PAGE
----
The opinion of the court was delivered by: Judge Conner
Petitioner Matthew Melchiorre ("Melchiorre") filed the instant petition for writ of habeas corpus pursuant to 28 U.S.C. § 2241 on June 12, 2009, claiming that he is entitled to twelve months of pre-release custody placement in a residential re-entry center ("RRC") pursuant to the Second Chance Act of 2007. (Doc. 1). For the reasons that follow, the petition will be dismissed without prejudice for failure to pursue available administrative remedies.
Melchiorre, a federal inmate presently incarcerated at the Low Security Correctional Institute at Allenwood ("LSCI-Allenwood"), was sentenced on November 29, 2001, in the United States District Court for the Eastern District of Pennsylvania. (Doc. 1, at 1.) He is serving the remainder of a 143 month term of imprisonment for armed robbery and brandishing a firearm in violation of 18 U.S.C. §§ 2113(D) and 924(C)(1). (Id.) His projected release date is October 1, 2010, via good conduct time release. (Doc. 6-2, Declaration of Yvonne Bennage ("Bennage Dec."), Federal Bureau of Prisons case manager at LSCI-Allenwood, at 5, ¶ 3.)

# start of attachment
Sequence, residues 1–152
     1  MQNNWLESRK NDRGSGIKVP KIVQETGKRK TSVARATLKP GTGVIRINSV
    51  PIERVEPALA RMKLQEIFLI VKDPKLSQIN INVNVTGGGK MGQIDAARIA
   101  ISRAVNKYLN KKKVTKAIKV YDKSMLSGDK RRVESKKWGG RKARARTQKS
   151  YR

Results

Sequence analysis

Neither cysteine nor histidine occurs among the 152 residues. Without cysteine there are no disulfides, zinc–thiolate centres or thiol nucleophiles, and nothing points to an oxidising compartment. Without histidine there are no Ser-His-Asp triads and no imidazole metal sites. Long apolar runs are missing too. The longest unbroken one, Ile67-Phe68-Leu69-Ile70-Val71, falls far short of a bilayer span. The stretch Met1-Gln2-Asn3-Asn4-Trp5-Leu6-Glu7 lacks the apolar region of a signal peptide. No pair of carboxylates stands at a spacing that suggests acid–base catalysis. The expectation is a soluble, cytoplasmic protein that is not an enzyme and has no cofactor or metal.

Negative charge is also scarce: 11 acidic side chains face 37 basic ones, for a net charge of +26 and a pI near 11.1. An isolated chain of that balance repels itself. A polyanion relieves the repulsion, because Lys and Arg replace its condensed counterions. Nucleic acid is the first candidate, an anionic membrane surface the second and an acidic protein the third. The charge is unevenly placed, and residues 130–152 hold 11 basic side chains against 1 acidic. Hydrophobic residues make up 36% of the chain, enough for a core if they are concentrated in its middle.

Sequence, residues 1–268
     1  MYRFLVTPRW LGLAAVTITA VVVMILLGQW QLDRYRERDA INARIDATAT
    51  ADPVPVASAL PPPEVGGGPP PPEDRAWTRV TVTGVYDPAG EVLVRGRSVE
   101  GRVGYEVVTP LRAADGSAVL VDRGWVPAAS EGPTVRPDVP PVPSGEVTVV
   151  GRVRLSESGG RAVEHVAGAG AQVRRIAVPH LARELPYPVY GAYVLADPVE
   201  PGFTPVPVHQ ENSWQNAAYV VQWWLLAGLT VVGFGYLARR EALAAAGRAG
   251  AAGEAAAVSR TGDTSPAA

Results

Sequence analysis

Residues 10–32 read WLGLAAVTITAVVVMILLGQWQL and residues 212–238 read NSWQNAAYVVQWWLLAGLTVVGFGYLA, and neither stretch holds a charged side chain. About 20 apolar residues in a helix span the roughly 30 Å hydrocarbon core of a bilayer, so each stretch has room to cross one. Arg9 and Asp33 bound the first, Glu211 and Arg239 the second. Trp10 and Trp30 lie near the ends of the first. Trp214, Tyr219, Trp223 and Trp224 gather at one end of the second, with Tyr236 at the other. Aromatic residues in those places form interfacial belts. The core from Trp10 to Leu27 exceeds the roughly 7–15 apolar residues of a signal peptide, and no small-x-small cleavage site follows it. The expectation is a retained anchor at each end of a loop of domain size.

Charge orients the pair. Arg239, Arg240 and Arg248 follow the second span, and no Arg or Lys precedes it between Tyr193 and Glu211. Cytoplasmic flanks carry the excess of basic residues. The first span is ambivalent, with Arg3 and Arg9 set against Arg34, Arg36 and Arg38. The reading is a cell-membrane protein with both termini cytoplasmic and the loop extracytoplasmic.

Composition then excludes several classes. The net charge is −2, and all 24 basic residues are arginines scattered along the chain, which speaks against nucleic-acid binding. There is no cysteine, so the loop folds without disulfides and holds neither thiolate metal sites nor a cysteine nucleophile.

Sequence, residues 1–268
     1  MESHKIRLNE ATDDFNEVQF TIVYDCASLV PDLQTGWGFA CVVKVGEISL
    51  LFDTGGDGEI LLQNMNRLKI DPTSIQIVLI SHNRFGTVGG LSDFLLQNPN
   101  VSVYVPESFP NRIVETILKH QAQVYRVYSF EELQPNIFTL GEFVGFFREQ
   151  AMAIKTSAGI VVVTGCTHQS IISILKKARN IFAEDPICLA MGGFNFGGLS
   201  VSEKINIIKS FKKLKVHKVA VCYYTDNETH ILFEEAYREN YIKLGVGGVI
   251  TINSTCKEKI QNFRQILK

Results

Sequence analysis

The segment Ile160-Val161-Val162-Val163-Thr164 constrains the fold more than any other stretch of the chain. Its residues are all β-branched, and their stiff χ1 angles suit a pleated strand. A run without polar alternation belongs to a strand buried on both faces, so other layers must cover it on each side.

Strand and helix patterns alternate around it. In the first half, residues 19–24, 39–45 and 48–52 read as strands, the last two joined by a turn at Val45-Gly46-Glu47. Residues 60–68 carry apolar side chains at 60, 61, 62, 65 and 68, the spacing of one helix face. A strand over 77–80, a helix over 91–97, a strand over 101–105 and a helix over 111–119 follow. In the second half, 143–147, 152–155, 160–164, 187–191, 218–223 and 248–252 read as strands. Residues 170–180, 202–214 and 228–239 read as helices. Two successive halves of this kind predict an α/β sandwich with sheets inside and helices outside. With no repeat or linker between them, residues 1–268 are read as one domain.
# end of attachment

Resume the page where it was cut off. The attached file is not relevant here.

On April 9, 2008, the Second Chance Act of 2007, Pub. L. No. 110-199, Title II, § 251, 122 Stat. 657, 692 (the "Second Chance Act"), codified at 18 U.S.C. §§ 3621, 3624 was signed into law. The Act increases the duration of pre-release placement in an RRC from six to twelve months and requires the BOP to make an individual determination that ensures that the placement be "of sufficient duration to provide the greatest likelihood of successful reintegration into the community." 18 U.S.C. § 3624(c)(6)(C) (Apr. 9, 2008). "Recommendations for RRC placements are ordinarily reviewed with the inmate and Unit Team 17-19 months before each inmate's probable release date." (Doc. 6-2, Bennage Dec. at 5, ¶ 4.) Referrals are then forwarded to the Community Corrections Manager at least sixty days prior to the maximum recommended date. (Id. at ¶ 5, citing BOP Program Statement 7310.04, Community Corrections Center Utilization and Transfer Procedures.)